Las Vegas Bowl: Boise State vs. Utah
By Paul Myerberg // Dec 21, 2010
Is the Pac-10 ready for Utah? Better yet, is Utah ready for the Pac-10? It depends where we stand — or stood — on the calendar. This past September or October? At the point, I felt that Utah could have played with any team in the country: 8-0, the Utes sneaked past Pittsburgh, demolished Iowa State and beat Air Force before turning towards November. The final month wasn’t kind: 2-2, with ugly losses to T.C.U. and Notre Dame followed up by narrow wins over B.Y.U. and San Diego State. Which team shows up in 2011? That’s not such a tough question — despite the poor finish, anyone banking on Utah finishing in the second division of the Pac-10 should think twice.
Boise State (11-1, 7-1)
Regular season in review Only in this new age of Boise State football could a one-loss regular season be seen as a slight disappointment. That one loss — if you stayed awake — came at Nevada, a back-and-forth, one-for-the-ages loss that came about only because of a pair of special teams gaffes from kicker Kyle Brotzman. Outside of that game, only Virginia Tech sniffed Boise State all season; in hindsight, perhaps the fact that the Broncos could rest their starters for the second half of most games until heading to Nevada took a toll on the starters, still on the field into overtime. If that’s the biggest problem a team has, you know it’s been a successful season. Par for the course, more of the same, nothing to see here, move along: the Broncos rolled out of bed and went 11-1. The future holds a transition to the Mountain West, where Boise State is sure to be tested more than it was in the WAC. What else does the future hold? Something like 11-1, 12-0 — somewhere in that area.
Regular season high point The win over Virginia Tech to start the regular season. Those who thought less of that win following Virginia Tech’s loss to James Madison stood corrected after the Hokies ran roughshod through A.C.C. play. There was nothing wrong with the ensuing 10 wins, of course, though the detractors continue to come out of the woodwork with each Boise State win.
Regular season low point The loss to Nevada. The silver lining: perhaps a still-stacked Boise State team in 2011 will learn from the difficult experience.
Regular season offensive M.V.P. Quarterback Kellen Moore. Expecting someone else? Instead of recounting Moore’s superb season, a few other options in this spot: running back Doug Martin, who rushed for 1,113 yards and 11 scores; wide receiver Titus Young, Moore’s favorite target; and left guard Nate Potter, who has earned first-team all-WAC honors at both that position and left tackle over the past two seasons.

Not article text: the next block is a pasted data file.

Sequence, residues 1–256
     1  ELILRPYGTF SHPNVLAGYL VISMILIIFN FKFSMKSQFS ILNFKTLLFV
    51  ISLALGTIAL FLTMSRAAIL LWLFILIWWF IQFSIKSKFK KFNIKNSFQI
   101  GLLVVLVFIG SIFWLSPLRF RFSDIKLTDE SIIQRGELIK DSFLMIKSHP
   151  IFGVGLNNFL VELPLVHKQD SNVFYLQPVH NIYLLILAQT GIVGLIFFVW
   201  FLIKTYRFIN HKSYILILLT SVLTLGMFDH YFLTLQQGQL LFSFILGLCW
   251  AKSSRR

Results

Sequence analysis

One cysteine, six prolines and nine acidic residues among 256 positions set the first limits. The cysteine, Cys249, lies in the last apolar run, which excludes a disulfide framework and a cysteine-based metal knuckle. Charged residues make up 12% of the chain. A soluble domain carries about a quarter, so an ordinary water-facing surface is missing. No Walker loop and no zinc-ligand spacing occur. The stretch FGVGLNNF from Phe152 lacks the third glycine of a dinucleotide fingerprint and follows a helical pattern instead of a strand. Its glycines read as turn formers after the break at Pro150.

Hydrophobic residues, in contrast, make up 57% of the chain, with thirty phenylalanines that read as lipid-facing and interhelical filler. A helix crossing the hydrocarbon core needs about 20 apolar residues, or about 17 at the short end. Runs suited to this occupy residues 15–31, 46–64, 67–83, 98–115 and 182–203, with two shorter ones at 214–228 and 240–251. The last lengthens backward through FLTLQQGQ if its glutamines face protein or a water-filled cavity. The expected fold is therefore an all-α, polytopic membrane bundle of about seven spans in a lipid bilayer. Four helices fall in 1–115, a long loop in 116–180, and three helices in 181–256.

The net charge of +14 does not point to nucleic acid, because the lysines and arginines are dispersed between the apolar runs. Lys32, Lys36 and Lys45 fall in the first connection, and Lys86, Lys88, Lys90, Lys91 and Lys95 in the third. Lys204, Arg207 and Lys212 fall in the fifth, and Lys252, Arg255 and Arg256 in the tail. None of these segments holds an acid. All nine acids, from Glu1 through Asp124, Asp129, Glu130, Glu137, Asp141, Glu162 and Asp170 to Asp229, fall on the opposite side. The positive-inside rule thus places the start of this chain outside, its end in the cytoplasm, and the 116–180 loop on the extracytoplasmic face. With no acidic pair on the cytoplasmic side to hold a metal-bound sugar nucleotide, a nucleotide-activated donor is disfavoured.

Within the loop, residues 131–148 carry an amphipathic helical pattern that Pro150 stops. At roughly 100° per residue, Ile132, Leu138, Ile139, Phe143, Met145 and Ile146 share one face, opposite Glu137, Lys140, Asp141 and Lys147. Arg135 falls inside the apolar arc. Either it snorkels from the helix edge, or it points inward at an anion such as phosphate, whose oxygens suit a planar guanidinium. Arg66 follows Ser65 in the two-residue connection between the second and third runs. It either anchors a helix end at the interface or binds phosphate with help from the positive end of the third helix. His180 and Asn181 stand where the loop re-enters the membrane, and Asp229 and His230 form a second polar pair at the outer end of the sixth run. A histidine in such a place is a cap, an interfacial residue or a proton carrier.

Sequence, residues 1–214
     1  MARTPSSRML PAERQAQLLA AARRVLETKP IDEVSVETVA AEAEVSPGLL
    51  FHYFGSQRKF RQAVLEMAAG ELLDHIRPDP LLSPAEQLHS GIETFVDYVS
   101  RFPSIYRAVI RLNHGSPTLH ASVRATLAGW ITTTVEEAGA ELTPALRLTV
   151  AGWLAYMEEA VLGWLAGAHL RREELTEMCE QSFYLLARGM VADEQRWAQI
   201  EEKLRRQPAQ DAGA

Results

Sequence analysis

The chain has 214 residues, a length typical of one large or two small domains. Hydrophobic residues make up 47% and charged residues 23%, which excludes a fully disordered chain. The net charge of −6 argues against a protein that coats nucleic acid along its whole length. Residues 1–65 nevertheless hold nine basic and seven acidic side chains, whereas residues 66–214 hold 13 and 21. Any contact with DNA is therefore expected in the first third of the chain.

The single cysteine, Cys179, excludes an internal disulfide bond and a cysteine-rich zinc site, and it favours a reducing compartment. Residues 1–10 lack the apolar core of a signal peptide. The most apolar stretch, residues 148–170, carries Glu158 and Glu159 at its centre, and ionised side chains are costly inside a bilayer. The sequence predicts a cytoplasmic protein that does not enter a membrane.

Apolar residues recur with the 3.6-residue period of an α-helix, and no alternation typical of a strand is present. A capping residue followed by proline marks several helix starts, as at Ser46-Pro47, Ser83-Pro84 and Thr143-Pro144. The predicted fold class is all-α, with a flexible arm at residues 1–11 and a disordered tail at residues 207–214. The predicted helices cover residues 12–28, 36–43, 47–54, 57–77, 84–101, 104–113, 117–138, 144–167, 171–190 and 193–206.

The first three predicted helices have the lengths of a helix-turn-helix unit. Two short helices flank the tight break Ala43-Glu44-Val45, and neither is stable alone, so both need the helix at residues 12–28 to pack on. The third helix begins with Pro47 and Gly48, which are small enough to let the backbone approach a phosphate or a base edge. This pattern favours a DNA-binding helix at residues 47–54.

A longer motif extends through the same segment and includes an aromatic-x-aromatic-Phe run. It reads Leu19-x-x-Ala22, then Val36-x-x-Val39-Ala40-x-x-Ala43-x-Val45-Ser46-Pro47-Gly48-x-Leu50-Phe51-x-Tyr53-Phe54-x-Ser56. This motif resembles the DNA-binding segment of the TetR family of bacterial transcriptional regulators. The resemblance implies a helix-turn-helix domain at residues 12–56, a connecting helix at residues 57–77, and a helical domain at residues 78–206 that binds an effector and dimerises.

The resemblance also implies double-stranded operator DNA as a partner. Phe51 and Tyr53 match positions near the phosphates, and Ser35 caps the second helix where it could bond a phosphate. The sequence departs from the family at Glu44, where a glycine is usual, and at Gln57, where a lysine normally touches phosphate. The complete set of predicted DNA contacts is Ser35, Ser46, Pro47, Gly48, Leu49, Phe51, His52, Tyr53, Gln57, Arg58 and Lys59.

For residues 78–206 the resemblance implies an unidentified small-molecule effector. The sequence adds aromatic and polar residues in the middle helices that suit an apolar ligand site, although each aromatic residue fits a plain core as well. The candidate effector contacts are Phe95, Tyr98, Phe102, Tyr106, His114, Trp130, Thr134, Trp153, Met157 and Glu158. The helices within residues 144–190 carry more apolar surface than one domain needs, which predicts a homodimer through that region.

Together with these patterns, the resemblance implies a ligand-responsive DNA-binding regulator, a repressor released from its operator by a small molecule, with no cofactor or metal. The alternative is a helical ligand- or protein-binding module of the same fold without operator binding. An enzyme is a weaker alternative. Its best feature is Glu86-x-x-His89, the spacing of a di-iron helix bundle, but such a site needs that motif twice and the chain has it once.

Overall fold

Regular season defensive M.V.P. Defensive end Ryan Winterswyk. It’s not all about numbers for the senior: while he led all Boise State defensive linemen with 41 tackles (7 for loss), Winterswyk’s impact goes beyond his statistical impact.
Utah (10-2, 7-1)
Regular season in review There was just no stopping T.C.U. in 2010, though that’s of little solace for a Utah team eying one final M.W.C. title before taking flight to the Pac-10. Not that there was any excuse for such a sloppy performance at home: after being embarrassed at T.C.U. in 2009, it was thought that Utah would put forth a better effort against the Horned Frogs. Not quite. That loss preceded another embarrassing defeat, this one by 28-3 at Notre Dame, giving the program back-to-back losses for the first since time since opening the 2007 season 0-2. The big question: is this Utah team really that good? Well, yes, of course. Yet even the most ardent fan must admit that the Utes feasted on inferior opposition to get to 8-0, beating only two teams that finished 2010 with winning records. Those November struggles, on the other hand, saw Utah scuffle for the first time in several years.
Regular season high point Wins over San Diego State and B.Y.U. to end the season. The former win, a 38-34 decision in San Diego, clinched the second spot in the Mountain West. The win over B.Y.U., as always, meant the world to Utah and its fans.
Regular season low point The answer is T.C.U., but the loss to Notre Dame was equally dreadful. Over a two-week span, an offense that had averaged 38.9 points over its first nine games accounted for all of 10 points.
Regular season offensive M.V.P. Wide receiver DeVonte Christopher. This season provided vindication to yours truly, who has plugged Christopher, a star quarterback in high school in Nevada, heading into each of the last two seasons. He embraced the opportunity for playing time in 2010, putting forth a big performance in the win over Pittsburgh and providing big-play ability throughout the season. Christopher trailed off in November — like his team — but he was Utah’s best weapon in the passing game.
Regular season defensive M.V.P. Linebacker Chaz Walker. He paced Utah in tackles (103, 7 for loss) while adding a pair of sacks and an interception. Not bad for a former walk-on in his first season in the starting lineup.
Know Your Sponsor
Maaco Don’t confuse Maaco, the auto repair chain, with AAMCO, the transmission chain, though each were founded by Anthony A. Matino of King of Prussia, Pa. How do I tell the two apart? For starters, I always tell myself, “Paul, AAMCO is the chain with an estimated $250 million in revenue, while Maaco is the chain with merely $53 million in revenue.” Another way? I try to recall each chain’s radio jingle: for Maaco, it’s “Uh oh, better get Maaco!”; for AAMCO, it’s “Double A (honk, honk), M-C-O.”
You can also follow Paul Myerberg and Pre-Snap Read on Twitter.
Tags: Boise State, Chaz Walker, DeVonte Christopher, Kellen Moore, Las Vegas Bowl, Ryan Winterswyk, Utah
Leave a Comment